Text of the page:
Saturday, May 21, 2011

In Which I Pose as a Physics Teacher

I have no idea why I thought I was qualified to offer this particular explanation about dark matter in a Straight Dope Message Board thread from 2000, and I'm not at all sure today if I got it right at all. And I'd triply not sure why I should bother to resurrect it now. But it's a long post, and I certainly seemed to know what I was talking about, so let's hope I was closer to right than wrong about the state of cosmological knowledge eleven years ago:

Since no one else has jumped in yet, let me start off.

First, the term generally used is "dark matter" (which you probably slightly misremembered), though sometimes you may hear references to "missing matter."

Now, on to my wildly simplified explanation: Why is this matter "missing?" Well, we (meaning cosmologists and physicists, not me personally) have a pretty good idea of the age of the universe, from evidence like the cosmic background radiation and the observed motions of distant galaxies. From these and other data, scientists have been able to determine roughly how much mass the universe must have. (Because we can observe the effects of gravity, and know how gravity operates, we can deduce how much mass there is.)

For example, the Milky Way (our favorite galaxy) can be seen to contain a whole lotta stars (400 billion, roughly, IIRC). Judging from the evidence of our solar system, in which the sun is by far the greatest concentration of mass (everything else is trivial compared to the sun), we can make a rough estimate of the amount of matter in the galaxy. That calculated amount is lower than the amount of matter the Milky Way needs to have to revolve and stay together in the way that we've observed it to do by a factor of ten. In other words, the matter we know if there is only 10% of the matter needed to make the system operate in the way we know it is operating. Whether or not the missing mass is composed of the same elementary particles as the matter we're familiar with (quarks up through protons and their friends to atoms) is not quite clear.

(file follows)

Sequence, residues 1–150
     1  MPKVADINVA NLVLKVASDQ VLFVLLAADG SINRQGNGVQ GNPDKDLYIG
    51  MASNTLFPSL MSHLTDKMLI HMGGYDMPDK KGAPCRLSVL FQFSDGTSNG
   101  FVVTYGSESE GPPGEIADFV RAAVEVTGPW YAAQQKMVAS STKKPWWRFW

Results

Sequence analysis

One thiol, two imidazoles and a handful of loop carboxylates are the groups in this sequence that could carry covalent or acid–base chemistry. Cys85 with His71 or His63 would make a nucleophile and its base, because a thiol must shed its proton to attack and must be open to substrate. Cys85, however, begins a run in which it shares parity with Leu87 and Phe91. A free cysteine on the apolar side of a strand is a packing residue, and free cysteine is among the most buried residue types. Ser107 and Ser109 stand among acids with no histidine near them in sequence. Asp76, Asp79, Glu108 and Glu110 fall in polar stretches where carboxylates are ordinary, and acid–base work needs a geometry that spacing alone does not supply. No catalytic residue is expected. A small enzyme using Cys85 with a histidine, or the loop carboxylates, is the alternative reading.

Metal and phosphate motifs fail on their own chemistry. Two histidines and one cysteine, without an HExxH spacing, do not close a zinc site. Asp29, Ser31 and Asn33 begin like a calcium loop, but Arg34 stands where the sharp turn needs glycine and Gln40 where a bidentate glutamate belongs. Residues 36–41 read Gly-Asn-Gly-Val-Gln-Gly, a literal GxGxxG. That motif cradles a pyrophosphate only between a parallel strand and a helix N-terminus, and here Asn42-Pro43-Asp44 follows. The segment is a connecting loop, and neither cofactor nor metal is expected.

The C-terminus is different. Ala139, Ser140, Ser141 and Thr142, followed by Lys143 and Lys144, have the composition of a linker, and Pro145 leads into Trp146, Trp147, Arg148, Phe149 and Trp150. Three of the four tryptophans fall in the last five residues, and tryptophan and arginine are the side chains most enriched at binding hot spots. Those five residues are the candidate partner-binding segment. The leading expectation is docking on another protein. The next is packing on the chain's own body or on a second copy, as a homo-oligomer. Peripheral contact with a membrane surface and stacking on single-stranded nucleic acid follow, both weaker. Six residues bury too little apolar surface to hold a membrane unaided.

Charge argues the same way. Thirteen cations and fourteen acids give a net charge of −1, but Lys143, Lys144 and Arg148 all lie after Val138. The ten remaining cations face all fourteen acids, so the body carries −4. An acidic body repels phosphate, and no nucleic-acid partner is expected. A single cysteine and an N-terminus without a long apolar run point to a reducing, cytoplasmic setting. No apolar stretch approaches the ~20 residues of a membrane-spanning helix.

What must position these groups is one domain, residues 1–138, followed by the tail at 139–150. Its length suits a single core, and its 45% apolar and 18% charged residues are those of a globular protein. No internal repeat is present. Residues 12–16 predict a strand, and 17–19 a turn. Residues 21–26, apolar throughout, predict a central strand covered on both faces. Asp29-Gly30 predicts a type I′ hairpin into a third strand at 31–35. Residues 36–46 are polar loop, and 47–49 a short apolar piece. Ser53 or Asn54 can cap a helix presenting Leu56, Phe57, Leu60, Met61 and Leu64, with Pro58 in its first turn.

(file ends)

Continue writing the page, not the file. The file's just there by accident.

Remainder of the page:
So, where is that mass? There are several theories.

MACHOs are MAssive Compact Halo Objects -- dark, extremely massive objects in space. These would most likely be neutron stars and/or black holes. One problem with this theory is that if you chuck that much matter into what's effectively a single point, the gravitational effects would be very obvious -- it wouldn't really be "missing."

WIMPs are Weakly Interacting Massive Particles -- theorized elementary particles that have great mass but only interact with "regular" matter rarely and weakly. The problem with this theory is that particles that interact weakly have so far without exception been massless or nearly so; in fact, many scientists believe that it's physically impossible for a particle to be both massive and weakly interacting.

Then there are the more exotic theories (which I think are actually gaining in popularity at the moment), such as that the matter is a function of space itself. I don't pretend to understand this one, but it seems to say that "empty" space itself has a measurable mass.

If you're really interested in the subject, I recommend you pick up a recent book called Quintessence by Lawrence Krauss. It's not easy reading, but it's a serious look at the missing matter problem from one of the major theorists of the day.

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